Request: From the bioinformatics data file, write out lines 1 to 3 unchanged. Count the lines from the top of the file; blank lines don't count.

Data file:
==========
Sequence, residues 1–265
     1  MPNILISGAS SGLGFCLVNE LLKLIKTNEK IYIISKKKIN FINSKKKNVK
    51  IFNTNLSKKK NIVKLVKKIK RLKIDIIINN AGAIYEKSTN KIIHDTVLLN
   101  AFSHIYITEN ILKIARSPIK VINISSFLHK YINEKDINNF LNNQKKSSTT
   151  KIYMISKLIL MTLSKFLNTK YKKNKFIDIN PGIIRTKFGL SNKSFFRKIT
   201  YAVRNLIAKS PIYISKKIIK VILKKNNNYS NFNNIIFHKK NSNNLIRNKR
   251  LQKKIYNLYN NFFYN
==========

Sequence, residues 1–265
     1  MPNILISGAS SGLGFCLVNE LLKLIKTNEK IYIISKKKIN FINSKKKNVK
    51  IFNTNLSKKK NIVKLVKKIK RLKIDIIINN AGAIYEKSTN KIIHDTVLLN